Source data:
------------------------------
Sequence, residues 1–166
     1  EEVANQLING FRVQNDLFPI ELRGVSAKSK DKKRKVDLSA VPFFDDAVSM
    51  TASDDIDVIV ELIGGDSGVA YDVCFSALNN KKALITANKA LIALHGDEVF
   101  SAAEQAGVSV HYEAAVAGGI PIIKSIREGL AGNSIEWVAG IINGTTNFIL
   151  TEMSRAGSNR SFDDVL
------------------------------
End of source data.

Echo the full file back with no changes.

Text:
Sequence, residues 1–166
     1  EEVANQLING FRVQNDLFPI ELRGVSAKSK DKKRKVDLSA VPFFDDAVSM
    51  TASDDIDVIV ELIGGDSGVA YDVCFSALNN KKALITANKA LIALHGDEVF
   101  SAAEQAGVSV HYEAAVAGGI PIIKSIREGL AGNSIEWVAG IINGTTNFIL
   151  TEMSRAGSNR SFDDVL